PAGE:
Structured Approach to Fire Damage Assessment Reduces Costs - Part 1 of 2

By Vince Carucci

Major fires sometimes occur in process plants and cause significant losses. Unless a structured approach is used for fire damage assessment, the tendency could be to overestimate the amount of equipment to replace and possibly prolong unit downtime.

This article highlights the methodology used for a fire damage assessment that was done, focusing primarily on pressure vessels, heat exchangers, and piping systems. A second article will provide several practical application tips that might be useful to others.

Assessment Methodology

API RP 579, Recommended Practice for Fitness-For-Service, provides guidance for conducting a fire damage assessment. The most important aspect of the assessment is to identify the temperatures or “Heat Exposure Zones” within the fire area. This is the most critical activity of the assessment since all inspection plans and fitness-for-service evaluations follow from this. A Heat Exposure Zone is established based on the temperature that occurred in that area during the fire.

Table 1 summarizes the six Heat Exposure Zones defined by API RP 579.

Heat Exposure Zone
Temperature Range, °F
Potential Damage
(Partial summary. Refer to API RP 579 for details.)
None; acceptable to operate.
Ambient to 150°F
None to major equipment. May have water or smoke damage to insulation, delicate mechanisms, and electronics.
>150°F to
None to major equipment. Some damage to nonmetallic materials possible (e.g., gaskets, valve packing). Damage to wiring, electronics, machinery drive belts.
> 400°F to 800°F
Damage to ancillary equipment (e.g., wiring, circuit boards, motors). Replace nonmetallic gaskets and valve packing, springs in supports and valves, bearings. Check heat exchanger tube rolls and instrument tubing joints for tightness.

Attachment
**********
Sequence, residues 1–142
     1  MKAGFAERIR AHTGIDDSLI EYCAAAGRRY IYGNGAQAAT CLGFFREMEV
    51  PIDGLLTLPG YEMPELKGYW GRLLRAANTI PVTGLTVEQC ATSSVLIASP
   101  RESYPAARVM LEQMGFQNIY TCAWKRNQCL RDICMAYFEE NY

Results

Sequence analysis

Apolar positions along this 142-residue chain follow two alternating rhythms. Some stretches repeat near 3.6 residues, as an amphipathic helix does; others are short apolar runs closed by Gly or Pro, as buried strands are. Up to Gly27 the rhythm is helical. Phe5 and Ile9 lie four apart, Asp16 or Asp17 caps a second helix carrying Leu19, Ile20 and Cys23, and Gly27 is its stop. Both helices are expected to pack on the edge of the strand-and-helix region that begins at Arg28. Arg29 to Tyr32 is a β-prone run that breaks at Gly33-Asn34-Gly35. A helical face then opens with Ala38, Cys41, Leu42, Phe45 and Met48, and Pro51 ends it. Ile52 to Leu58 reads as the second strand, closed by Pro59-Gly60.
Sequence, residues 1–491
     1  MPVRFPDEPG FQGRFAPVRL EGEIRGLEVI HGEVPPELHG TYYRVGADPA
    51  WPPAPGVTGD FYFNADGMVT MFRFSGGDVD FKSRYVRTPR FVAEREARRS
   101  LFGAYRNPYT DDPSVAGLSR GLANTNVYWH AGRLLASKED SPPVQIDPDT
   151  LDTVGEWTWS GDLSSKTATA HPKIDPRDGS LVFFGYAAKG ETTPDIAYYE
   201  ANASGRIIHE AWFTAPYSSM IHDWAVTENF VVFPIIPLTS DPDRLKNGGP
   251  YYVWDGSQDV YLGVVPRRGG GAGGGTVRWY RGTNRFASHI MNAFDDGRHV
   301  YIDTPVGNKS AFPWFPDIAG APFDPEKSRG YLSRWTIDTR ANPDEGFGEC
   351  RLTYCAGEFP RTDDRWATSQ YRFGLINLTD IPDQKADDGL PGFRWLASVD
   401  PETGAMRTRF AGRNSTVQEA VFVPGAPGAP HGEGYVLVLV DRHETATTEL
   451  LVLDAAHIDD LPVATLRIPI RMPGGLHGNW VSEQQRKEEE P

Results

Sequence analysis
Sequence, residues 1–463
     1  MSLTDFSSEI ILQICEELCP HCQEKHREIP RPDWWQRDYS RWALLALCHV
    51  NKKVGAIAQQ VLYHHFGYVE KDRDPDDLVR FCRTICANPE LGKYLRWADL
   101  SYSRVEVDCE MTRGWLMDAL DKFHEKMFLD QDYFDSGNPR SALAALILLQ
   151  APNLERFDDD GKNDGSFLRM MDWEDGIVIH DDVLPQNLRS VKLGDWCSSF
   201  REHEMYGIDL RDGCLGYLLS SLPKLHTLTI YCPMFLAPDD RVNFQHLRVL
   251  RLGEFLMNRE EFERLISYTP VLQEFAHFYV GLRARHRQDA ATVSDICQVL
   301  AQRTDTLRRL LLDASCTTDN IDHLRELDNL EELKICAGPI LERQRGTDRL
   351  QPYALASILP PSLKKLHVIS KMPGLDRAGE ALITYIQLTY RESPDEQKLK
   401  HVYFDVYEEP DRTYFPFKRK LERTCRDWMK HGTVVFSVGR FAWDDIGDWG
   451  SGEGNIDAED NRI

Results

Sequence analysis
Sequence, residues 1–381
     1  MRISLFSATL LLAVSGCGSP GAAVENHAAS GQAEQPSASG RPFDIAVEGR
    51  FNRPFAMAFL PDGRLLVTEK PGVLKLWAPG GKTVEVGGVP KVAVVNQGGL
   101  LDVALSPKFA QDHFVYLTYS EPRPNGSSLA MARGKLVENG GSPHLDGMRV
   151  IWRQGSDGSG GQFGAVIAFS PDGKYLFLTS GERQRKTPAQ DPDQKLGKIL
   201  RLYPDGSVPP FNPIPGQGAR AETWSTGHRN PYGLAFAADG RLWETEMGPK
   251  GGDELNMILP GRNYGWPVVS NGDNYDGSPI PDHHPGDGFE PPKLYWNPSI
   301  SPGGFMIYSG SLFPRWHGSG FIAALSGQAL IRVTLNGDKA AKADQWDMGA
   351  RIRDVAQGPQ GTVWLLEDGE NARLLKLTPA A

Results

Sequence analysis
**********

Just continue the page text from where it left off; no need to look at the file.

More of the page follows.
> 800°F to 1350°F
Replace ancillary equipment, small piping, tubing, copper materials, gaskets, packing, B7 bolting. Clean, inspect, and pressure test all major equipment (i.e., pressure vessels, heat exchangers, rotating equipment). Remove oxide scale to determine underlying damage. May require metallurgical sampling to determine effects of high-temperature. Repair or replace distorted structural steel and piping.
> 1350°F
Almost everything will be scrapped if it was not protected by insulation, water spray, or fireproofing. Thorough inspection and testing required. Check areas of severe oxidation. Check piping and equipment in low temperature service for loss of fracture toughness.

Table 1 Heat Exposure Zones

Remember that the Heat Exposure Zone temperatures refer to the external temperature in the fire regions, not necessarily the equipment or piping metal temperature. The metal temperatures that the equipment and pipe actually reached determine the extent of metallurgical damage and the need for replacement. Equipment that was protected from the fire temperature by external insulation, or cooled by internal liquid, can often be retained for use with nothing more than a confirming inspection and hydrotest.

Clues to Assigning Heat Exposure Zones

Heat Exposure Zones are established by identifying clues to estimate the exposure temperatures for locations within the unit. These clues are based on the expected visual condition of various materials after fire exposure and include:

API RP 579 contains temperature exposure information for most common materials found in a process plant. The temperature clues are then used to define the Heat Exposure Zones. This mapping is conveniently done on unit plot layout drawings in both plan and elevation views. The Heat Exposure Zones plus visual observations are then used to determine what follow-up inspections might be necessary (e.g., wall thickness measurements, hardness checks, or in situ metallography), and if more detailed engineering evaluations are required.


Once the shock of a major process plant fire has subsided, the pieces must be put back together. The structured fire damage assessment approach contained in API RP 579, plus additional practical application methods, can help minimize reconstruction costs and allow safe resumption of unit operation as fast as possible. The next article in this series will provide some tips for doing this assessment.

Read Structured Approach to Fire Damage Assessment Reduces Costs - Part 2 of 2